Brick-and-mortar vacancies often accommodate
pop-up opportunities for retailers making their
entrée into the market, and often deciding to stay.
A number of retailers, such as Jennifer Tattanelli
(right), and The Daily Edited (below) are moving from
pop-up shops to permanent locations in the city.
“Consumers’ habits have just changed. We are seeing new con-
cepts that attract shoppers. Companies are listening to the needs
of shoppers and are providing improved in-store experiences,”
says Faith Hope Consolo, the chairman of the retail group at
Douglas Elliman. “The physical store is not going anywhere.”
Consolo characterizes New York City as a place where brands
are made and demand is strong. Stores close their doors. But that
also means other doors open or reopen. For example, while Toys
“R” Us closed in Times Square last December, another celebrated
toy store, FAO Schwarz will reopen at Rockefeller Center in time
for this year’s holiday season.
In short, vacancies have allowed new retail to enter the city’s
neighborhoods. Available retail space has allowed Korean beauty
brands such as Innisfree and Peach & Lily to move into the city.
Riley Rose, Forever 21’s beauty store that’s now in Los Angeles, is
considering opening a store in New York City, Consolo says.
Brick-and-mortar vacancies mean more affordable pop-up
opportunities, notes Consolo, who is well-known for her success in
this area. She worked with AYR, The Daily Edited, Finollo and
Jennifer Tattanelli in their efforts to go from pop-up to permanent
locations. Other “pop to perm” happy endings: British tailoring
brand Thom Sweeney now at 362 W. Broadway; men’s fashion
store New & Lingwood at 970 Lexington; and SJP Collection by
Sarah Jessica Parker at 93 South St. in the Seaport District.
All of these broader trends must be overlaid on a metropolitan
retail landscape that is extremely varied by neighborhood and
even, occasionally, by the street. “Micro-markets are what attract
people,” observes Richard Rizzuto, VP of retail services at
Transwestern. ”There is 100% not one retail in New York City.”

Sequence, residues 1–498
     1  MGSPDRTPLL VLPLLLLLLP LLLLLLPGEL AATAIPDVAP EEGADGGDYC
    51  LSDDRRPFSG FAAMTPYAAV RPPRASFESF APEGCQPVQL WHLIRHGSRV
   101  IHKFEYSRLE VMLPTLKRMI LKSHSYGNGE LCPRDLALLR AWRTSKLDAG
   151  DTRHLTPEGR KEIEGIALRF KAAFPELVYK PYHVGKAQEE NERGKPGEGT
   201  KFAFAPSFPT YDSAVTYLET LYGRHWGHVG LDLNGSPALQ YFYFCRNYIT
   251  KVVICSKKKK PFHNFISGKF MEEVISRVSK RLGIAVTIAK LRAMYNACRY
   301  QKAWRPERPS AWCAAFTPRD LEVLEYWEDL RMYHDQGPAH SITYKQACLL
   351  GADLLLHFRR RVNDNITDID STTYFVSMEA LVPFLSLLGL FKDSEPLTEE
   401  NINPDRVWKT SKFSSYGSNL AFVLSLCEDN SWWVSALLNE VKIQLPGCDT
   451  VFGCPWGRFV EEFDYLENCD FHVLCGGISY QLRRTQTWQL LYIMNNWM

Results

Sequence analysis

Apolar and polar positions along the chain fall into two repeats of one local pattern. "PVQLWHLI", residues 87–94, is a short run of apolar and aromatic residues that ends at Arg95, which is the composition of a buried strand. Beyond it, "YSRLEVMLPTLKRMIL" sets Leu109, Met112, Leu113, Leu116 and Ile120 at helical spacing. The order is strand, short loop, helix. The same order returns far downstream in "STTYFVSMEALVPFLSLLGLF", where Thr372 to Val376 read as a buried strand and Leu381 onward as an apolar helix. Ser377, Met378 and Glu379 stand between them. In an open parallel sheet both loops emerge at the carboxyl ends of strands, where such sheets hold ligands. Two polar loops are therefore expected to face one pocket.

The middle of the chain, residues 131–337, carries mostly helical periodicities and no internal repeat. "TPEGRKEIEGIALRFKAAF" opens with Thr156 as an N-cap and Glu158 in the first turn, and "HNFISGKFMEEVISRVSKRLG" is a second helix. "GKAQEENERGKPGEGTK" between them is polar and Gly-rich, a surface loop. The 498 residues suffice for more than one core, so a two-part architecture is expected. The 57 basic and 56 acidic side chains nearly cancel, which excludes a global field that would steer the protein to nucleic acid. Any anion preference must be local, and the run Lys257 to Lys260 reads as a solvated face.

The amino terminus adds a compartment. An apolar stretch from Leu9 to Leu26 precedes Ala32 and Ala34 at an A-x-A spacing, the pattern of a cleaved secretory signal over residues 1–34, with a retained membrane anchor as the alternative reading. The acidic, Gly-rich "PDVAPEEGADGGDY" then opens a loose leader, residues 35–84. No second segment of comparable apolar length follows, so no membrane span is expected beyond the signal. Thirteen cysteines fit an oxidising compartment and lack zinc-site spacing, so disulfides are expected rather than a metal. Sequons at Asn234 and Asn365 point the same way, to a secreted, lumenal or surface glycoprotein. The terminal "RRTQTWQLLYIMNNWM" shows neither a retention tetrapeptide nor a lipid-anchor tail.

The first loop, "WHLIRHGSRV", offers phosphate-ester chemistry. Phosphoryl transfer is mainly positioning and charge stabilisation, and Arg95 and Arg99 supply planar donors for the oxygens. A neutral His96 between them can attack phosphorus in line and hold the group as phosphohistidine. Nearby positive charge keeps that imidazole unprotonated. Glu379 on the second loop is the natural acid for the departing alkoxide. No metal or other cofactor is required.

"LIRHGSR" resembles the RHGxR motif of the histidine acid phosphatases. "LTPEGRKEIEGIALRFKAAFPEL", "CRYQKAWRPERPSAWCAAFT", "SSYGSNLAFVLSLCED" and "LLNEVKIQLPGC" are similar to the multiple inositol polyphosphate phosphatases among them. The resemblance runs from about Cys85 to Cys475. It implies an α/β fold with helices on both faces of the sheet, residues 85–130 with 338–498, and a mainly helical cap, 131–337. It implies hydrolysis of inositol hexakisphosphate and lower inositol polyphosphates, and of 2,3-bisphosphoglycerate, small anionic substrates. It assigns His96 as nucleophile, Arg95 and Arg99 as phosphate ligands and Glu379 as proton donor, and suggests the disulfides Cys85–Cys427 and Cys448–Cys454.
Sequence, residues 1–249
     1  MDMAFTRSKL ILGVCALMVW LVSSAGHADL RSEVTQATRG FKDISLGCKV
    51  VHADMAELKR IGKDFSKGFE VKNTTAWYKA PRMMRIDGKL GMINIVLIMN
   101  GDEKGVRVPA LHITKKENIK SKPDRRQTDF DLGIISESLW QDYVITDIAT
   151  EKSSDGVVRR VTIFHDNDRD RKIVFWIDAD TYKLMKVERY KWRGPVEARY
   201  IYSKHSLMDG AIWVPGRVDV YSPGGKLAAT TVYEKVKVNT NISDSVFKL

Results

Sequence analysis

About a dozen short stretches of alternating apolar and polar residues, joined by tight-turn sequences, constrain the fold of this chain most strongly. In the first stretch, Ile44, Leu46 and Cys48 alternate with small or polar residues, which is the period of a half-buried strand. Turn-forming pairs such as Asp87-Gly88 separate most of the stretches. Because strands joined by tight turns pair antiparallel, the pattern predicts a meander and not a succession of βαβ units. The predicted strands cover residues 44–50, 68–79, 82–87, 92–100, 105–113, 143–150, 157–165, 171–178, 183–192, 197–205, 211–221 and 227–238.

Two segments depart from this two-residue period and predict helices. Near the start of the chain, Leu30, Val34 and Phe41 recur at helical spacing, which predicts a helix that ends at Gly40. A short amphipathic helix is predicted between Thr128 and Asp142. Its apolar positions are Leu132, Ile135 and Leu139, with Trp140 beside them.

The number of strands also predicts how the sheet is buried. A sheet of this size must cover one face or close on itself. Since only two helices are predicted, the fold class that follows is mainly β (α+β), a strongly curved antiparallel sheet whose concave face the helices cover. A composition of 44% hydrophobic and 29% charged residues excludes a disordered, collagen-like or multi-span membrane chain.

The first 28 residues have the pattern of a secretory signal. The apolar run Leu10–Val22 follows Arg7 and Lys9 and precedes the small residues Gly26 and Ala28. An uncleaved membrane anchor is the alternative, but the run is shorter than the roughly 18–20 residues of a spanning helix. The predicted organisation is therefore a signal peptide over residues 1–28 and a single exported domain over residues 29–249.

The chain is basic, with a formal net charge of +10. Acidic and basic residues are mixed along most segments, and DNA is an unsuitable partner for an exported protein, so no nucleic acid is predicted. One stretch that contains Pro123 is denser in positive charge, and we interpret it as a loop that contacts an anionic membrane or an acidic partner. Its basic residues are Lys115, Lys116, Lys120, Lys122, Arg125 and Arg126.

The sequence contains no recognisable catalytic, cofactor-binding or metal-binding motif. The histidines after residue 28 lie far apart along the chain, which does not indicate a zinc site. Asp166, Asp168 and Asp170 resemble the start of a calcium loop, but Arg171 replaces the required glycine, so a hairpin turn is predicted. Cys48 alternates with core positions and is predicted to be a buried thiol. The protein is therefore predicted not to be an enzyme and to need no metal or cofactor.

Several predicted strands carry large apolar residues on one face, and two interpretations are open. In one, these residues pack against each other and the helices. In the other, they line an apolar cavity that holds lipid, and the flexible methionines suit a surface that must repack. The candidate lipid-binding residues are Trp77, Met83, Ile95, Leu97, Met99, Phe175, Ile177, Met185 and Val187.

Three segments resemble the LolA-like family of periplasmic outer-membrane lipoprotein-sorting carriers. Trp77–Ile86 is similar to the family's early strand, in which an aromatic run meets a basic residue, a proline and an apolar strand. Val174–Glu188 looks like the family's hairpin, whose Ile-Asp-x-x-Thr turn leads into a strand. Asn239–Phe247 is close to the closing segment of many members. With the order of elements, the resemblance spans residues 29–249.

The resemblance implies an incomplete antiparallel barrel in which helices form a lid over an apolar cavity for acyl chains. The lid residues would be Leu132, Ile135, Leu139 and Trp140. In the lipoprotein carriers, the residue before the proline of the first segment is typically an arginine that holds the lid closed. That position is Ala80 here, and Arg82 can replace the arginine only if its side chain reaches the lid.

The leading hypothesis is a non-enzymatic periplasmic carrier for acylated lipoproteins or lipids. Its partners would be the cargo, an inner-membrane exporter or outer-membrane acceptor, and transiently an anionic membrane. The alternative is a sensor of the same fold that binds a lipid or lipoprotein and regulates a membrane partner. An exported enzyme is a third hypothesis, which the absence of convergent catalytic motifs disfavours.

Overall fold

Knowing what’s happening with the city’s retail requires close
observation and knowledge of the neighborhoods. For example,
at the moment there is weakness on Upper Madison, says Jeff
Fishman, vice chairman of the private client group at Newmark
RKF. “SoHo was decimated for a while. Now all of a sudden leasing
people in our office are getting calls from tenants they represent
about how they want to look at SoHo for $400, $500 per foot.”
They didn’t want to look at $1,400 a foot, he adds.
As another example of the dynamic market, he explains
Flatiron has become hot because its residential, office and retail
demographics comprise residents and wage earners with money in
their pockets. Meanwhile, Bleecker Street once was a cheaper
alternative to SoHo. SoHo started to fill up, then the prices on
Bleecker Street rose. He says a “follow the leader” approach often
happens. “It’s the old Burger King, McDonald’s theory. You’d see
certain retail go somewhere and another retailer would want to
follow them. You see it with H&M and Zara.”
“Times Square is as hot as can be,” says Fishman. “Tourism is
still driving the retail rents in Times Square. That’s a strong,
Brooklyn is another neighborhood that has begun to command
higher retail rents because neighborhoods are attracting tourist
traffic. Dumbo and Williamsburg are bringing in tourists during
the evenings and weekends. Smorgasburg which bills itself as “the
largest open-air food market in the US,” says it attracts 20,000 to
30,000 people to Brooklyn each weekend.
Despite New York City’s many retail strengths, empty storefronts still stick out like pockmarks on some of its most popular
retail corridors. CBRE’s Q2 2018 Manhattan Retail Report tracked
the number of availabilities in 16 corridors that it monitors. The
availabilities peaked in Q1 2018 at 208 spaces. For Q2, 2018, the
number slightly decreased to 200 direct ground-floor leases being
marketed. The report indicated that of these availabilities, 143 or
71%, had remained on the market for at least one year.
CRE professionals point to various causes behind the storefront vacancies: With the Amazon effect, consumers are shifting